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Sunday Rock Case Study
Varick A. Chittenden
Senior Folklorist & Director of Special Projects, Traditional Arts in Upstate New York
From the Woods to the World!

On a brisk, sunny late October day in 2011, a small group of local people gathered in the Adirondack hamlet of South Colton to celebrate the unveiling of a plaque, which reads:

Welcome to Sunday Rock

An Adirondack Landmark and Legend

This glacial boulder, twice preserved by local citizens, marks the gateway to the "Great South Woods.” In the frontier days it was said there was no law or no Sunday beyond this point. May all who pass this way continue to enjoy the beauty of the mountains.

Placed on the State and National Register of Historic Places - 2010

That day, in the words of Sally Swift Thomas, the local octogenarian who pretty much singlehandedly undertook the nomination process, "was one of the proudest days of my life!” According to the Watertown Daily Times the day following the plaque dedication: "When I [Ms. Thomas] first called…they said, ‘We don’t do rocks.’ But now they do. I looked up the word. It could be called a monument. Anything that marks the location of anything can be called a monument. It took about three years to do that. You had to have it pass through a lot of committees,” said Thomas. ‘[Ms. Thomas] received the good news in December 2010 when a representative she had been working with called to tell her the paperwork had passed muster with a final committee that determined it was significant enough to be placed on the National Register of Historic Places. She called about 2 o’clock in the afternoon. It was sort of funny. She said, ‘Sally. I have to tell you they didn’t like it.’ Pause. ‘I’ve got to tell you they loved it!’


Executive Summary

Sunday Rock, a large boulder on the roadside of New York State Highway 56 just west of the hamlet of South Colton in the northwestern Adirondack foothills, is an important landmark for locals and travelers alike. At 11 feet high and 64,000 pounds, the oblong boulder has been the stuff of local legend for at least 200 years, and has been important to the people of South Colton and around for just as long. Twice, in the twentieth century, local citizens rallied to save it from demolition during highway construction, and it is now safely located on its own small park by Route 56. Stories of the meaning of its name vary. Some accounts suggest it marked the point where the law and order of settled communities in the St. Lawrence River valley to the north stopped and the adjacent Adirondack wilderness began; south of it there was no Sunday, because lumber camp life and work were the same every day of the week. Others tell of a preacher, seeking to bring the gospel to the people in that part of the woods, being told not to bother going past the boulder because beyond it there was no Sunday or religion. Somewhat later on, the rock began to stand for the freedom, sport, and leisure of the woods and mountains to the south of it.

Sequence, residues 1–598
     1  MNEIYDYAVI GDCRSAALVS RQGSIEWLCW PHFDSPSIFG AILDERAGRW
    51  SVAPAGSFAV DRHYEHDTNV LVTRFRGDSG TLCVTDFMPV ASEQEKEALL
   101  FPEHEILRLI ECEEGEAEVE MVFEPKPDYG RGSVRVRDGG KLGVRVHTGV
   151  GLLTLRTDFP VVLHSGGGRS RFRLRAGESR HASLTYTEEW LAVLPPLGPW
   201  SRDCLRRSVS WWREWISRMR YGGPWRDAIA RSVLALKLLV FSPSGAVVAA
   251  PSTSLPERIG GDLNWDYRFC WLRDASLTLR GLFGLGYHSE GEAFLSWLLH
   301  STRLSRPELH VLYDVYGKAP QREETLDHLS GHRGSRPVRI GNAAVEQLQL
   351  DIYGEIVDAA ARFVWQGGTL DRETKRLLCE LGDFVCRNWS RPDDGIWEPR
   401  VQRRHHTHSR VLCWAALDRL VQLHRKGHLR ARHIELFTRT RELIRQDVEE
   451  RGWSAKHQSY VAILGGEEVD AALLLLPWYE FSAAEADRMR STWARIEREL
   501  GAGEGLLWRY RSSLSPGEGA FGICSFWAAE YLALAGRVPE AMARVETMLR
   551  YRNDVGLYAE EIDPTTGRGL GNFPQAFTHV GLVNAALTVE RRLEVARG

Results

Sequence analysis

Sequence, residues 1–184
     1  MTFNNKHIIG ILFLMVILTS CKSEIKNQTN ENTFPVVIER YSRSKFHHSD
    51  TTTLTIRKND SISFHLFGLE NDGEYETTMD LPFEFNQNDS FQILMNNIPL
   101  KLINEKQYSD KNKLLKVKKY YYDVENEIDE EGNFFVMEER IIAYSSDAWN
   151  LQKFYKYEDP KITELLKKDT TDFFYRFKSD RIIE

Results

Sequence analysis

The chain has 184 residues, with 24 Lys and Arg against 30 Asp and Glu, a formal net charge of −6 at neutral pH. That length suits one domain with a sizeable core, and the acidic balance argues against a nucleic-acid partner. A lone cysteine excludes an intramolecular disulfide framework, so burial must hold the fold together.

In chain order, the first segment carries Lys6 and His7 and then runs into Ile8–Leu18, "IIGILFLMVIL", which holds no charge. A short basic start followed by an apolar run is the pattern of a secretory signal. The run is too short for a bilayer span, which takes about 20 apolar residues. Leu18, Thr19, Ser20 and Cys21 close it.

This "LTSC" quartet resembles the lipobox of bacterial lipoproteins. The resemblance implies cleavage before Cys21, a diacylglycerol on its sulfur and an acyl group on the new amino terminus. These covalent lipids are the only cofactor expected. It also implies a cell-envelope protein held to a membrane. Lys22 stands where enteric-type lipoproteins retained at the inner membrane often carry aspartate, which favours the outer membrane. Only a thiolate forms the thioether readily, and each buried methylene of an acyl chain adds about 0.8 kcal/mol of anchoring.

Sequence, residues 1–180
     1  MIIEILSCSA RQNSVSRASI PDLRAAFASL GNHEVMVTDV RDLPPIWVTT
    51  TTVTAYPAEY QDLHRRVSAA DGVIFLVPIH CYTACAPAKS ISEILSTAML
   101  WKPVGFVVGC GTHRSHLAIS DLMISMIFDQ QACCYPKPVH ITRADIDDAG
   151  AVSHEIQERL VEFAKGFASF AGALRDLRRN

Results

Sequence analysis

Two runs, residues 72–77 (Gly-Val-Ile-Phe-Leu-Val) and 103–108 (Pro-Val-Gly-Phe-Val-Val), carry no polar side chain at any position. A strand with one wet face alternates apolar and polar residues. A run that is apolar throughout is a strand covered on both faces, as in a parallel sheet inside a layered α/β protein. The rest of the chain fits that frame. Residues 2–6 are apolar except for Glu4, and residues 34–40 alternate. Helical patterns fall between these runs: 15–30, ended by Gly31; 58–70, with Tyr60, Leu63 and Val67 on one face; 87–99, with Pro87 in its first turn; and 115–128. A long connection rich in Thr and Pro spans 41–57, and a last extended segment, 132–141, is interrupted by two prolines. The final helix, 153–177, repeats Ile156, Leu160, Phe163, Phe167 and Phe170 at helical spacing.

Sunday Rock in the small roadside park just west of the village of South Colton, New York. Photo
by Varick Chittenden, 2008, courtesy of TAUNY Archives.

In 2007, Thomas—who lives next door to Sunday Rock and whose own family and husband’s family have lived in the community for generations—initiated contact with the New York SHPO office to find out how to nominate the boulder to the National Register. No cultural resource survey had ever been done in the town of Colton; the only site in the township to be placed on the National Register previously was the Zion Episcopal Church, a Victorian Gothic building made of Potsdam red sandstone. But Thomas persisted and Lin Garofalini, the SHPO program officer who served the northern region of the state at the time, made a site visit that same year. Since the small park in which the boulder now sits is owned by the Town of Colton, Thomas sought the town board’s approval to go ahead with the nomination and they agreed. In early 2009, Thomas filled out the required registration form for a National Register nomination and, with the help of others in her community, gathered information and letters of support. Coincidentally, during that same period, representing Traditional Arts in Upstate New York (TAUNY)—the regional folklife organization—I worked with Thomas and others to nominate and document Sunday Rock for TAUNY’s Register of Very Special places (RVSP) as a cultural landmark in the region; it was approved by our board of directors in 2008, when it was added to our online gallery of RVSP sites ( and documentation was added to the TAUNY Archives. That documentation included numerous published historical accounts—especially in local newspapers from the 1880s to the present—and several contemporary recordings of oral histories about the significance of Sunday Rock to the local community.